One of those buildings is the CK Choi building, which uses features like daylighting, composting toilets, waterless urinals, and reclaimed building materials. Its lighting system is 70 percent more efficient than a typical facility built at the same time.
What's interesting is that the CK Choi building was constructed in the mid-nineties -- When they put out the call for architects with green building experience, they got no response. This building was a learning project for those who eventually worked on it, and it later served as a model for the LEED rating system.
The Life Sciences Centre at UBC features a high atrium and ample daylight. The atrium originally was envisioned as being open, but realists about Vancouver's weather prevailed. UBC was one of the earliest universities to adopt a sustainability policy to guide future development. Its green buildings comply with mixtures of CaGBC and UBC standards.
Life Sciences Centre
Our next stop is the university's Life Sciences Centre. It's a beautiful space with natural wood finishes and a high atrium bathed in daylight. In here it feels like it's not a typically rainy Vancouver day outside.
This was built just a few years ago, so it had the advantage of computer modeling of its lighting and thermal performance.
It has the disadvantages that come with being a research facility -- the mandatory fume hoods had to be equipped with sensors to keep them from sucking heat out of the labs. And researchers tend to keep unusual hours, so the lights and HVAC are almost always on.
(Spot interview: Jason Lynch, Building Manager, Redmond; Jessica Geenan, PSE)
Ian Smith, Manager of Development for Southeast False Creek and Olympic Village, explains the Vancouver 2010 Olympic Village (model at left) within the larger Southeast False Creek sustainable neighborhood (model at right). The foreground models aren't melting -- they're skewed by design -- and are preliminarily targeted for Canadian athlete housing during the Games.
Olympic VillageOur last stop of the day is the highlight of the trip for me. We're at the office of Ian Smith, with the City of Vancouver. Architectural models take up an eighteen-foot table in the lobby.
(Sound bytes thruout: Ian Smith, Manager of Development, Olympic Village & SEFC)
In 2010 the Winter Olympics will come to Vancouver. The athletes will live in an all-new, sustainable urban neighborhood, the sixteen green buildings that make up the Olympic Village.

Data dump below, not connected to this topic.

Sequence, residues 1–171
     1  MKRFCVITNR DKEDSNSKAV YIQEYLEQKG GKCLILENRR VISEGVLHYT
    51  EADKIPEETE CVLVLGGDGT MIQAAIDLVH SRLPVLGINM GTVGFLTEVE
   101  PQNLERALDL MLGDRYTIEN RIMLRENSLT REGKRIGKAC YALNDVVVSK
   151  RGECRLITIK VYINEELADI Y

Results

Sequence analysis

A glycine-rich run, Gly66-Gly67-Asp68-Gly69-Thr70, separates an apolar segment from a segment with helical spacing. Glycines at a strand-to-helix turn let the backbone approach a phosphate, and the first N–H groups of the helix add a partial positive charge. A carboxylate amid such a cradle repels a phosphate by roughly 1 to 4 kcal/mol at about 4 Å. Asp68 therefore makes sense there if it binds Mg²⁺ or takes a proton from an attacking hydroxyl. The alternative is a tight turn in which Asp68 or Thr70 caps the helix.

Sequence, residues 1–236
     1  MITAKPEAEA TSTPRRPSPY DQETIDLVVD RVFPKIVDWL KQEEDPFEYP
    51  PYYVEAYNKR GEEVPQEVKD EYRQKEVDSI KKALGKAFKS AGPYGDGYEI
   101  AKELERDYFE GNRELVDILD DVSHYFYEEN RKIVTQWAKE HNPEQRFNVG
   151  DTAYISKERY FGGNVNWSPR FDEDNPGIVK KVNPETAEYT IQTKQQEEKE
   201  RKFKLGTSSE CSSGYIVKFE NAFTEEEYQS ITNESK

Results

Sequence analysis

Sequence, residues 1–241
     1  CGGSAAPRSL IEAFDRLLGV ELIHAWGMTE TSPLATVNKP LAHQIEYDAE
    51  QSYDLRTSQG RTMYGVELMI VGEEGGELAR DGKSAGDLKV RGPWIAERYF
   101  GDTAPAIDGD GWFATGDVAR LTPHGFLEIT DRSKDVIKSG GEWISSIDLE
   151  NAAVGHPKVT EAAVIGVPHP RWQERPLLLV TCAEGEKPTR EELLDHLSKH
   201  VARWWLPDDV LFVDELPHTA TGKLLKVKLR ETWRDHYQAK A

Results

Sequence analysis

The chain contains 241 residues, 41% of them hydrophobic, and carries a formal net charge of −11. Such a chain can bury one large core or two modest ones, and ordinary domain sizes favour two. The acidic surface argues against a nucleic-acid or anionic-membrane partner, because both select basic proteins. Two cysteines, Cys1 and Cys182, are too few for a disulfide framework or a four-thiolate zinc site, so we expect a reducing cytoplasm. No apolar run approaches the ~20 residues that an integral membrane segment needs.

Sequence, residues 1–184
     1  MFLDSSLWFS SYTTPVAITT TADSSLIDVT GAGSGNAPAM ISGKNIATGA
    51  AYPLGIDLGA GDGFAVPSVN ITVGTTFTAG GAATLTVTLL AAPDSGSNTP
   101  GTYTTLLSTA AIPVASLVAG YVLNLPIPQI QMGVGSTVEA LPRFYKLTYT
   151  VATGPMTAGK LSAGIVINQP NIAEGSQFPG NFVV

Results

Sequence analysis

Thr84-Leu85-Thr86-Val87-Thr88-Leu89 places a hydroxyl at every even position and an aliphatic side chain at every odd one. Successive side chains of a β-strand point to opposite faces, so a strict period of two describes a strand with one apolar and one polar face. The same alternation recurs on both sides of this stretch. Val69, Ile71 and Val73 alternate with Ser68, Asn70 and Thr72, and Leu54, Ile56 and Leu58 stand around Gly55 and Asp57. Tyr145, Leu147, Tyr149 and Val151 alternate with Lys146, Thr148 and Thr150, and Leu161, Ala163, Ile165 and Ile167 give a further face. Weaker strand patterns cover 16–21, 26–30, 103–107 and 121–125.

Ian is the Manager of Development for the Olympic Village and the surrounding Southeast False Creek neighborhood -- over 6 million square feet of mixed-use development all together.
Urban planning debates over the 2010 Olympic Village site started with the 1986 World's Fair.
The construction of this public waterfront is a bonus for Vancouver. The Olympic Village meets the harbor here. Even though this area is likely to be off limits to spectators during the Winter Olympic Games, we're likely to see this spot frequently in broadcasts.
The Village will be home to 3,000 VIP athletes, where every building will meet or exceed LEED Gold...
But back then, the meaning of "sustainable" wasn't exactly clear. There wasn't a LEED rating system for mixed-use developments. The Canada Green Building Council was just getting started...
A district heating system will capture heat from sewers beneath the neighborhood. The warmed water flows from heat exchangers into insulated pipes that lead to radiant panels in the ceilings of the units...
Science meets sustainability. North False Creek and the site of the 1986 World's Fair look across the harbor at the Southeast False Creek development, which is a pilot for the LEED for Neighborhood Design rating system.
Ian takes us out the back door and into the construction site. We look up at the steel structures from what will soon be a beautiful waterfront walkway. The buildings are complete enough that I can recognize them from the models inside.
Standing here, snapping photos in the rain, I realize the next time I see these buildings might be on TV in 2010.
Answers raise more questionsI expected everyone to get on the train and sleep all the way home. But the Amtrak Bistro car was bustling and boisterous, and it was our group that was making all the noise!
I wonder what the effect it would have if every developer and urban planner could see what I've seen in the past two days.
These examples apply the triple bottom line principles to sustainable urban planning. They gracefully combine the social, environmental, and economic values of their communities. Each was a partnership between the city, the community, and the developer. The result puts Canada a step closer to solving the energy and climate crisis. And they're making sure their cities are places people can live sustainable lives.
We've seen innovative solutions to some interesting challenges. They raise some questions, too. Why do developers have to fight for variances from city planners to use proven solutions like these? Why are these examples the exception and not the rule? And why do we have to go to other countries to see them?